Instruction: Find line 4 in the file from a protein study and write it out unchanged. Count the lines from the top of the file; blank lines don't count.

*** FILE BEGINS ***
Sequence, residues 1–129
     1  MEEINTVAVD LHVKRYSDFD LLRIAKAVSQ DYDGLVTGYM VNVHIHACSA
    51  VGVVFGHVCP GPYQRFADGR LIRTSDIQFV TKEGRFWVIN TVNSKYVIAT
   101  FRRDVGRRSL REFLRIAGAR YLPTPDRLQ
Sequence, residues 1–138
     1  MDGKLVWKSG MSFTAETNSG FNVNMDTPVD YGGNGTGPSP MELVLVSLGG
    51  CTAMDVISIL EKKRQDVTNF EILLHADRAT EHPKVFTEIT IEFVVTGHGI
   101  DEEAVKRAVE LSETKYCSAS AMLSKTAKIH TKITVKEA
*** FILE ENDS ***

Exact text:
   101  FRRDVGRRSL REFLRIAGAR YLPTPDRLQ